My personal website has taken quite a few shapes over the years. With the rise of simple website creators like squarespace or even dribbble portfolios you could ask yourself as a frontend dev; Do you even need to build your own website today? What is a personal website for?
The primary use-case is normally to show your portfolio and previous work to showcase your skills and provide easy access to contact information. A personal website can be just that, but it can also be something more. A playground for experimentation, a place to try new techniques, learn new tools, really anything you want. As Brian Lovin stated in Incrementally correct personal websites:
If you've been struggling with the looming task of redesigning your personal website from scratch, or rebuilding your portfolio after years of neglect, maybe it's time to approach things from a different angle the next time around.
This website's goal is just that. To be a living place for me to experiment with the latest techniques, share things I've learned with the community (check out /books and this blog) and showcase what I do.
A brief history
My first personal website was created back in 2012, it used tumblr as a cms (hello old, samuelkraft.tumblr.com) and was my first foray into creating custom tumblr themes. Learning this skill then enabled me to create a whole bunch of tumblr themes, including the first version of my wifes blog, https://emmasjulblogg.se (swedish, now migrated to wordpress on digitalocean) which is now her full time job. My site now consisted of a simple visual list of work.
Growing tired of tumblr's branded url the next version was a pure html/css site hosted on a "real" hosting provider with my first domain: samuelkraft.me. At this time I focused most of my energy posting work on dribbble leading my website to a very minimal design including just social links and contact information. Unfortunately this one did not convert very well, so now I had a good reason to redesign it again 😉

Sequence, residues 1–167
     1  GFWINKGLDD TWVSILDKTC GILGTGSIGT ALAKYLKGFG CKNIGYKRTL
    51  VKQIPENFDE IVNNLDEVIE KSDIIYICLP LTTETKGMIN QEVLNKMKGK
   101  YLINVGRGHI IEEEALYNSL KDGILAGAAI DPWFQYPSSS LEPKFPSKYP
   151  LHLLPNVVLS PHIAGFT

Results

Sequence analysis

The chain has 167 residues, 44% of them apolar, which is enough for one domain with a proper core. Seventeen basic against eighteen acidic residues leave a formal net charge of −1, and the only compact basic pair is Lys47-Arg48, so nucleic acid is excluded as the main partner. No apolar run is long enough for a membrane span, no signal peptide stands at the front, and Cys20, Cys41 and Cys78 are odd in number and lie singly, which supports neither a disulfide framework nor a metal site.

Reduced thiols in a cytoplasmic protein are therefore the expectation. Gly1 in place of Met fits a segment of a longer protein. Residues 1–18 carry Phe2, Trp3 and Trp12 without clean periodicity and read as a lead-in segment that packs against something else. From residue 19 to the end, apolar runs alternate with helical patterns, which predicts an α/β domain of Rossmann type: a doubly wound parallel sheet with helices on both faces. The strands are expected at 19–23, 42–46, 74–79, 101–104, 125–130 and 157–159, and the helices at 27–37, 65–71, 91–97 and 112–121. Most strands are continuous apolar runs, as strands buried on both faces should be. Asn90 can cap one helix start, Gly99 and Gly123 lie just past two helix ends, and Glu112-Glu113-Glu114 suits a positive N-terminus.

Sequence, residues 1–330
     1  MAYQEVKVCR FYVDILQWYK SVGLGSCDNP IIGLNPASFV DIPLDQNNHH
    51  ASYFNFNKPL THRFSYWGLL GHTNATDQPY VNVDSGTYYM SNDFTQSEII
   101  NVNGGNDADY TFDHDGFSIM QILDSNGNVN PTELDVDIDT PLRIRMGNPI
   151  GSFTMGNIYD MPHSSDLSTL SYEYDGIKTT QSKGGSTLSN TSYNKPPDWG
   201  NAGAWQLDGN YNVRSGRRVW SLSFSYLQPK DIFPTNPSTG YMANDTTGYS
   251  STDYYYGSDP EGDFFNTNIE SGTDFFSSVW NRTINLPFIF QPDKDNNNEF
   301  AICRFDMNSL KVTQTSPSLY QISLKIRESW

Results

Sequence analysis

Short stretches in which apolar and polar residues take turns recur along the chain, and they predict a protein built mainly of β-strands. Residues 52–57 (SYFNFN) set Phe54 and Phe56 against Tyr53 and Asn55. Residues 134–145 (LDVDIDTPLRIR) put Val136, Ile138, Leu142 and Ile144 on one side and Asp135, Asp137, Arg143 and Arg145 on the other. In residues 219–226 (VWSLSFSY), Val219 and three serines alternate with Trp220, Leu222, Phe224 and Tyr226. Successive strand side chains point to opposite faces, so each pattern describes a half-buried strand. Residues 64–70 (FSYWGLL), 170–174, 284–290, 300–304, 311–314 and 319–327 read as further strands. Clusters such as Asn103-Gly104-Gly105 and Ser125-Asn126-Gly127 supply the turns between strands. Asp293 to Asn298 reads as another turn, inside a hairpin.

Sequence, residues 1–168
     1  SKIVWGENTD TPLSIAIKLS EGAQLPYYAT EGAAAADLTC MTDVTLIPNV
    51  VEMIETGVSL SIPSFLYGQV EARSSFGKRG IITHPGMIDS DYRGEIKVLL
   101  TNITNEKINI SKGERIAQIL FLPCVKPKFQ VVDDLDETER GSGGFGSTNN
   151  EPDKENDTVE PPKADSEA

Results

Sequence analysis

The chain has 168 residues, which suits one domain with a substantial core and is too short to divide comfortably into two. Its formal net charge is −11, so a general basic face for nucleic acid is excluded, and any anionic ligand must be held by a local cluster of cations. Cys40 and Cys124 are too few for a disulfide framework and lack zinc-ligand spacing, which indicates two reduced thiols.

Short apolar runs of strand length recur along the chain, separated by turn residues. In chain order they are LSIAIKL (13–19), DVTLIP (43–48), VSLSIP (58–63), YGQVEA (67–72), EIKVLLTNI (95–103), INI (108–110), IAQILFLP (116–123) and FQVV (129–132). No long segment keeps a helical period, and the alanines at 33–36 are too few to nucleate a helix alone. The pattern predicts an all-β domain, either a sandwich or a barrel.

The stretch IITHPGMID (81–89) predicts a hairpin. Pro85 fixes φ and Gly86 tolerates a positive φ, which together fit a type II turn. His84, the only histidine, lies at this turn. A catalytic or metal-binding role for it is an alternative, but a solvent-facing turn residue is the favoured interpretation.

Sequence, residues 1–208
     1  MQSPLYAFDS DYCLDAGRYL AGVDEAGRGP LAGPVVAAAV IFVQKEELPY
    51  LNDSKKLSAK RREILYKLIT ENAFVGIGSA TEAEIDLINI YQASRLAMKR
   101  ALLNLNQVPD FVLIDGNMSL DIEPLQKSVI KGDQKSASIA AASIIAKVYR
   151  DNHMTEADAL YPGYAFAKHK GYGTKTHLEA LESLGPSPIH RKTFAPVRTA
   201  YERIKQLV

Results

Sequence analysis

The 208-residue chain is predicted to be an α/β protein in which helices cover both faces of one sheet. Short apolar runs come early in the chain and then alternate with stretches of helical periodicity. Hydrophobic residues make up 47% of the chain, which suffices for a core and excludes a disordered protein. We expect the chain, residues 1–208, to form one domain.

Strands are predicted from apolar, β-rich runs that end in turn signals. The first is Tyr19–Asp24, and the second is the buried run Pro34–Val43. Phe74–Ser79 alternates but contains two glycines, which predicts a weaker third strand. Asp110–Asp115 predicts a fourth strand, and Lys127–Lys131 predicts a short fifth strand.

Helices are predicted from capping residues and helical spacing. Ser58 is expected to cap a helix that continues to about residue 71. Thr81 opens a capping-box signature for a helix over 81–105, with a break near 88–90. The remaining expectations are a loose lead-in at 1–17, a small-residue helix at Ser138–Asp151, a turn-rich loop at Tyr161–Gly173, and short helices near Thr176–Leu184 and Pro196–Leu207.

Somewhere along here my website got redesigned at least twice, but I can't find any of those assets so let's fast forward to 2018. The new design put my work front and center, solving the issue of the previous one. This is the time I realized that the static nature of my personal website would be a perfect fit for GitHub pages. I previously purchased my domain at my hosting provider, but constant price increases made me annoyed so now I dropped them completely and bought and switched to samuelkraft.com some place else instead.
I wanted to do something more though. I wanted my website to be more dynamic, to update more often and to be a place I can share whatever I wish. As an example I read a lot of books, and I've recently started writing reviews & summaries of them in order to remember what I've read and to make sure I really understand it. It seemed like the perfect thing to publish to my personal website. If it helps me it will probably help someone else. You can find these on /books.
If I look back at my personal websites over the years, every new version has resulted in me learning new techniques and tools and this is for me what it's all about. This version of my personal website is my playground. It's where I can learn and keep improving. It's where I can give back to the community what I've learned. It's where I can show my work. It's samuelkraft.com v2021.